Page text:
Some customers prefer enabling and offloading SSL at load balancer instead of Pega app nodes. With this solution, called "SSL offloading" or "SSL termination", client and LB communicates with SSL, and LB and server communicates without SSL. Encryption or decryption is CPU-intensive and consumes the resources to a large extent. The SSL offloading concept was introduced to relieve a web server of the processing burden and make the backend work faster. Another benefit is you need certificate only for LB and you don't need it for every app node.
Recently, customer reported to me that Single Sign On process using OpenID Connect does not work with LB that enables SSL offloading. To investigate this issue, we've set up a PoC environment as below and figured a solution. In this post, I'll summarize how we got this to work.
1. Install nginx
First of all, we've set up a load balancer using nginx-1.13.7 on CentOS 7. I'll skip the detailed steps here but basically we configured cookie stickiness by installing an additional module (nginx-sticky-module-ng-1.2.6) and specified "sticky" in the nginx.conf as below.
SSL is offloaded by forwarding requests to backend servers by HTTP as below.
We installed Keycloak on Windows PC for OpenID Connect server. I'll skip the detailed step here but basically you need to set up "Realm", "User", and "Client" from Keycloak Admin Console. Pega serves as RP (Relying Party) and Keycloak serves as OP (OpenID Provider) in this scenario.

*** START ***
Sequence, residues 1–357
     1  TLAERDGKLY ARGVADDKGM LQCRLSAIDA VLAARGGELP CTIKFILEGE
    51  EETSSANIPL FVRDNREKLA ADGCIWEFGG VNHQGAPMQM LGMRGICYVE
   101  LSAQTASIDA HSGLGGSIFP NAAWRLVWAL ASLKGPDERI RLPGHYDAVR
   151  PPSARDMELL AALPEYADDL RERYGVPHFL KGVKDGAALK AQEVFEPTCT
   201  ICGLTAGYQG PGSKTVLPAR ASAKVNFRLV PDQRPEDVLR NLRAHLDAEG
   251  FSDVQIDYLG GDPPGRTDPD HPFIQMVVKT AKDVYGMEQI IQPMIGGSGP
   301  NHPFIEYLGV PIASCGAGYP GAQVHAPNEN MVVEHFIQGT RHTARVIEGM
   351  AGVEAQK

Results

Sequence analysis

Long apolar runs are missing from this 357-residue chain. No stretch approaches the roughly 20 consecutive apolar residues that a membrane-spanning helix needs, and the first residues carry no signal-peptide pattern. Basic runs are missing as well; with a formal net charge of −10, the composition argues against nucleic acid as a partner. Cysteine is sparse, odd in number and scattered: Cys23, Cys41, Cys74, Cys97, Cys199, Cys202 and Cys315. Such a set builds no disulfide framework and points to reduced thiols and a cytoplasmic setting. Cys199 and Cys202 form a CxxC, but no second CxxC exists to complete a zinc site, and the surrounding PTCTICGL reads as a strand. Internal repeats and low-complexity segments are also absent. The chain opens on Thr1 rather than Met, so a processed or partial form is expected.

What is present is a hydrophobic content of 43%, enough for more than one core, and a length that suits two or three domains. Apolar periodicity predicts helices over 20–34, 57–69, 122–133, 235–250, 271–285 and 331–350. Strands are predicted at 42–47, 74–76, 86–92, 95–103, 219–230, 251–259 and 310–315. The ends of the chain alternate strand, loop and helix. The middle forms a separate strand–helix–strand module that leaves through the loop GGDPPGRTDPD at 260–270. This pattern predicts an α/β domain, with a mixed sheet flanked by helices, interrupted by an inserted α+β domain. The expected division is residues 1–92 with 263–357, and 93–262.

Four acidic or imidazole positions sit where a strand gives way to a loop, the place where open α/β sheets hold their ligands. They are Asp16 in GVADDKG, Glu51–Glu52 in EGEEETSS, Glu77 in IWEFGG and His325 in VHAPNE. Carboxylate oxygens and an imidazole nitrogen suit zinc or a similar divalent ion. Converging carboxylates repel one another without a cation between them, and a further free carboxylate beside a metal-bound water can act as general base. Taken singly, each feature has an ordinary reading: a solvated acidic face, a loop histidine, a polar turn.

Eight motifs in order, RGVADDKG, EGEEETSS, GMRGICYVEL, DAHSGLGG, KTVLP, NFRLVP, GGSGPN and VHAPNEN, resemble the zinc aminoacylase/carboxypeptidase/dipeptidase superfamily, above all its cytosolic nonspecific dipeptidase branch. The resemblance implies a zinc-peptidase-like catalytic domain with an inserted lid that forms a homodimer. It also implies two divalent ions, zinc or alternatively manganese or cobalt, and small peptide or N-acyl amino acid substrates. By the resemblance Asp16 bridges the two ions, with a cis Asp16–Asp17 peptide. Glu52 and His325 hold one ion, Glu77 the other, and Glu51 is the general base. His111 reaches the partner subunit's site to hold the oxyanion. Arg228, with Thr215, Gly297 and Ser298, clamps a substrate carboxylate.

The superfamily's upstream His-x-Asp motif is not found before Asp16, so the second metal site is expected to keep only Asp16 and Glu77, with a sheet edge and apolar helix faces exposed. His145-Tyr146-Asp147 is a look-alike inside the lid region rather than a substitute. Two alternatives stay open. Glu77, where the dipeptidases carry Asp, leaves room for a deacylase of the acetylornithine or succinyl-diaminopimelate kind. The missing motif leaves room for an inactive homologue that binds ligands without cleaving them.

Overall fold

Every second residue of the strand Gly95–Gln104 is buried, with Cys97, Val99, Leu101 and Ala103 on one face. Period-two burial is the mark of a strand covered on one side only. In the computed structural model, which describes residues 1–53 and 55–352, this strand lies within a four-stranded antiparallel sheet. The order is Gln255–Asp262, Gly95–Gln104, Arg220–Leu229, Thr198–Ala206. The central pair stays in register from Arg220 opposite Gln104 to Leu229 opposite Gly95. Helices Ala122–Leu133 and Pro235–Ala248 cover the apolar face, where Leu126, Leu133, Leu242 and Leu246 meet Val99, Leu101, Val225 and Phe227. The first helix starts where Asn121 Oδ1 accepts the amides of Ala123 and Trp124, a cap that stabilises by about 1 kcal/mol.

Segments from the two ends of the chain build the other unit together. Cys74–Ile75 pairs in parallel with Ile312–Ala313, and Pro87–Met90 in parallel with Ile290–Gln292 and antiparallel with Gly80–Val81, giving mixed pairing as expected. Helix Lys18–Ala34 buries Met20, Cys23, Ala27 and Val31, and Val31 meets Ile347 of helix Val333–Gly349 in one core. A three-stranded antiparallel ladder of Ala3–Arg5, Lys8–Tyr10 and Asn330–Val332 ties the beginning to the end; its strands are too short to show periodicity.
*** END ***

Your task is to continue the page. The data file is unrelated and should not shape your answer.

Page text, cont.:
3. Configure Authentication Service
Create a Data-Admin-AuthService instance for OpenID Connect. Import metadata as below to fulfill all the necessary fields such as Authentication endpoint. This will also generate a Data-Admin-Security-Keystore instance.
Once metadata is imported, fill in Client ID and Client Secret. These can be obtained from Keycloak Admin Console. Then check on "Enable operator provisioning using model operator" and specify an existing model operator.
2. User is successfully created on-the-fly in Pega database and able to log in.
Now, we verified both Approach A and B solves the issue. Are there any differences? This is my personal opinion but I would recommend Approach A, because context is independently added outside of Pega upfront. For example, if you take Approach B, and if you access app node directly (ex. http://192.168.17.101:8080/prweb/PRAuth/KeyCloakAuth), Pega still tries to push the request back to LB. As long as LB is alive it works but if LB is down, you'll see below error.
On the other hand, if you are taking Approach A, and if you access app node directly, the context wouldn't be added. That means it won't push back to LB and Pega still works independently from LB. OpenID Connect authentication can even work as long as you add Redirect URIs for AP #1 and AP #2 at OP (see below for Keycloak configuration).